Optionally, the channel regions 11 and 21 of the transistors are doped with oxygen by ion implantation to 5×1020 cm-3 to 5×1021 cm-3. The oxygen implantation is employed for the purpose of avoiding undesirable influence of illumination upon the transistors due to the photoconductivity of the channel regions. If the transistors are formed only for the peripheral circuit which is not exposed to illumination rather than for directly driving the pixels, the oxygen implantation is not employed in order to maintain high speed operation of the peripheral circuit.
After removing photoresist 56, the entire structure is then heated at 600° C. for 10 to 50 hours in a H2 atmosphere to make active the impurities in the regions 10, 12, 18 and 20 in order to form P+ and N+ drain and source regions with the semi-amorphous semiconductor channel regions 11 and 19 therebetween respectively. An interlayer insulating film 65 of silicon oxide is deposited to a thickness of 0.2 to 0.4 micrometers by the same sputtering method as described above over the entire surface of the structure followed by etching by means of a photomask 5 for opening contact holes 66 through the interlayer film 65 and the oxide film 54 in order to provide accesses to the underlying source and drain regions. The deposition of the interlayer insulating film 65 may instead be carried out by LPCVD, photo-CVD, ordinal pressure CVD(TEOS-ozone). Next, an aluminum film of 0.5 to 1 micrometers thickness is deposited on the structure over the contact holes 66 and patterned to form lead electrodes 71 and 72 and contacts 67 and 68 by means of a photomask 6 as illustrated in FIG. 7(F). After an organic resin film 69 such as a transparent polyimide resin film is coated in order to make flat the upper structure, contact holes are opened in the same manner by means of a photomask 7. A transparent conductive film such as an indium tin oxide film is deposited over the structure and patterned by means of a photomask 8 to provide lead electrode 17 to be electrically connected with the pad of a pixel. The ITO film is deposited by sputtering at room temperature to 150° C. followed by annealing in an oxidizing atmosphere (O2) or in air at 200° to 400° C. The pad can be integrally formed at the same time by the deposition of the lead electrode 17. Then, the formation of CMOS transistors is finished. The mobility, the threshold voltage of the p-channel TFT are 20 cm2 /Vs and -5.9 V. The mobility, the threshold voltage of the n-channel TFT are 40 cm2 /Vs and +5V. The glass substrate is thus provided with these CMOS transistors and suitable conductive patterns as illustrated.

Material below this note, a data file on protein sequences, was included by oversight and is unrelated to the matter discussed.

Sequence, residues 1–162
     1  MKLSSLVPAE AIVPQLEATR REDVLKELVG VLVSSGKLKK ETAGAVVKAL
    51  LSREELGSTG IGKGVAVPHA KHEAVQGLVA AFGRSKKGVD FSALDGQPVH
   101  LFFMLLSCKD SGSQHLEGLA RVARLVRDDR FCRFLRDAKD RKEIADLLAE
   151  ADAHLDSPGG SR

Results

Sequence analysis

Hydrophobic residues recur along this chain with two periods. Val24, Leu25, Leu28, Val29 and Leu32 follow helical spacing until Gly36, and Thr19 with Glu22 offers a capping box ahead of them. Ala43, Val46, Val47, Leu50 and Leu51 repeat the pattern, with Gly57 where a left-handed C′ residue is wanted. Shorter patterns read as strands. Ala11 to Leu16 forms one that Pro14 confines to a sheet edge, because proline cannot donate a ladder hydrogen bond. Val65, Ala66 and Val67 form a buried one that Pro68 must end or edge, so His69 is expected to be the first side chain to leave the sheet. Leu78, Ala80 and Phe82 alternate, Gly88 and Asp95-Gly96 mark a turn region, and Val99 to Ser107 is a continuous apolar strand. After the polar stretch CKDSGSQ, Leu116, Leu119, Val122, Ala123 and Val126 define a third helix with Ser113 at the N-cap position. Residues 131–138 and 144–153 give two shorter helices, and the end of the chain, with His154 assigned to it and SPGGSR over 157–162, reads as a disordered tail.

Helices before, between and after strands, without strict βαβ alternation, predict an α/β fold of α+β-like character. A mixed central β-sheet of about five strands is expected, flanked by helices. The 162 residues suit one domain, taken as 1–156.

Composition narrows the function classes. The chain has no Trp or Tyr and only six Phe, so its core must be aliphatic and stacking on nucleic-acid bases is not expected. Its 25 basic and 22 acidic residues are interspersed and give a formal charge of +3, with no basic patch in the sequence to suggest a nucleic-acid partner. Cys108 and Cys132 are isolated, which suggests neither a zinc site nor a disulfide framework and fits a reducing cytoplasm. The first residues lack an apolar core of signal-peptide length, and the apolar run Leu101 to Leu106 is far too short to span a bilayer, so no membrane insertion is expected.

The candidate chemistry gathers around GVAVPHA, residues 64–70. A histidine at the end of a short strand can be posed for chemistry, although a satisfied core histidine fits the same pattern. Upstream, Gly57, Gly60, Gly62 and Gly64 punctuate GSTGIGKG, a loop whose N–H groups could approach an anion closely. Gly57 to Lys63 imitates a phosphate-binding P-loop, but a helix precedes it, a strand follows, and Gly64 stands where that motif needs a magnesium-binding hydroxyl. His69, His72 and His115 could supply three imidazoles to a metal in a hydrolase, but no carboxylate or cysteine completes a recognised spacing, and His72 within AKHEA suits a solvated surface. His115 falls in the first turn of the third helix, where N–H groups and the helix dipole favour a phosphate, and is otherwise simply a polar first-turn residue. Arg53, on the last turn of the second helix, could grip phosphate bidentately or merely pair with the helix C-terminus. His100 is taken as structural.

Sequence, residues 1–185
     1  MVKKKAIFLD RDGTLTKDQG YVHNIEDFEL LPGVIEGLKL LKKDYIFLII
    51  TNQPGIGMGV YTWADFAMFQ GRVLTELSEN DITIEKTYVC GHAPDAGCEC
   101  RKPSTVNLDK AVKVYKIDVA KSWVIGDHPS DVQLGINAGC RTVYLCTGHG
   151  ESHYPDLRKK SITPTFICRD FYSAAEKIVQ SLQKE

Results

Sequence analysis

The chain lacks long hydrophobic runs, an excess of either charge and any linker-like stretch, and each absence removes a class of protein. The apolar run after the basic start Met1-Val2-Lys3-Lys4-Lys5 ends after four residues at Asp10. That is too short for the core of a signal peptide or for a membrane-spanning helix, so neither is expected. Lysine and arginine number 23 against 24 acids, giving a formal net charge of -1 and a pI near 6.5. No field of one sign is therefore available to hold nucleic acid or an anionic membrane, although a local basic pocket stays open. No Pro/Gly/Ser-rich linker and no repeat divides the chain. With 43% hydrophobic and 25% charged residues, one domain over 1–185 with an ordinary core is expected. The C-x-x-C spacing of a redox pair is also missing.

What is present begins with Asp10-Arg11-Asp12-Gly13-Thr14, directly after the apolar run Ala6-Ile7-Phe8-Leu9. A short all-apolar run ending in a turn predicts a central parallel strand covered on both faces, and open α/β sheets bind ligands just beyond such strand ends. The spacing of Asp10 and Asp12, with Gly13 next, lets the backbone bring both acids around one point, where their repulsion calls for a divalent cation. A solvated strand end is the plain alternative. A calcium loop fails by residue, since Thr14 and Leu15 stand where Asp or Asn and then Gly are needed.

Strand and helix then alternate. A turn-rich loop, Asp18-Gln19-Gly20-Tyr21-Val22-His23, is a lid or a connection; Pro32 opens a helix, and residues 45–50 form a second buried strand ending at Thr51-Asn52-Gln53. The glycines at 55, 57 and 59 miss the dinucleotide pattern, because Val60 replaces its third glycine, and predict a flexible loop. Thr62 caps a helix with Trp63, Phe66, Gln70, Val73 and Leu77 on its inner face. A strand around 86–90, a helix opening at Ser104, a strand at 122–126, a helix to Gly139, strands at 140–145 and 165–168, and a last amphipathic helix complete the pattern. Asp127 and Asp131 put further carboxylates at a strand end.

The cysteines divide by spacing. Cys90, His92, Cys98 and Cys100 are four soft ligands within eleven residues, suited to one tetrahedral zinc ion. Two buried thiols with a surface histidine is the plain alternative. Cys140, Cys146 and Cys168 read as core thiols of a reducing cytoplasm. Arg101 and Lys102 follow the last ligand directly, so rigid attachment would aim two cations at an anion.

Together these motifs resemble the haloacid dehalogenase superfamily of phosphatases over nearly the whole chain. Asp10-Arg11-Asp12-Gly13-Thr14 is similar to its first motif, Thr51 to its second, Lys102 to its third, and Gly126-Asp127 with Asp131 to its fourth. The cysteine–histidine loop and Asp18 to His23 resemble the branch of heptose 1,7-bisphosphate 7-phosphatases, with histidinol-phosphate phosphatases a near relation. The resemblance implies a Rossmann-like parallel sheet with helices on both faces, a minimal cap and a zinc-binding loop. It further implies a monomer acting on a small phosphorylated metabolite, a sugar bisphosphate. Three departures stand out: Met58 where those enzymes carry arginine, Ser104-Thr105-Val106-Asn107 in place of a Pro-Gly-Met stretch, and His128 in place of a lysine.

In the above embodiment, thermal annealing is carried out twice at the steps corresponding to FIGS. 7(A) and 7(D). The first annealing (FIG. 7(A)), however, can be omitted to shorten the process time.